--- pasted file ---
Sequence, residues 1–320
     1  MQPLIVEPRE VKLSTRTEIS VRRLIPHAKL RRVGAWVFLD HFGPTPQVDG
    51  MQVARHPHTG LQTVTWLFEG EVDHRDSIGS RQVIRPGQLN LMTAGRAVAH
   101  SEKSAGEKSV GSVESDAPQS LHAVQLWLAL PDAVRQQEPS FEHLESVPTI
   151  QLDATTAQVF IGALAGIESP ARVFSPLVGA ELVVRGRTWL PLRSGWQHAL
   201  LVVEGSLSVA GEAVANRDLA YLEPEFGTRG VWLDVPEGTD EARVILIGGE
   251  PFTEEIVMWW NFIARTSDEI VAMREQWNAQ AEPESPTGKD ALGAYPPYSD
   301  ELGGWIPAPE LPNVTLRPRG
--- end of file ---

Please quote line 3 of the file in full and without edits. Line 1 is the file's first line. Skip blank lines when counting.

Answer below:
    51  MQVARHPHTG LQTVTWLFEG EVDHRDSIGS RQVIRPGQLN LMTAGRAVAH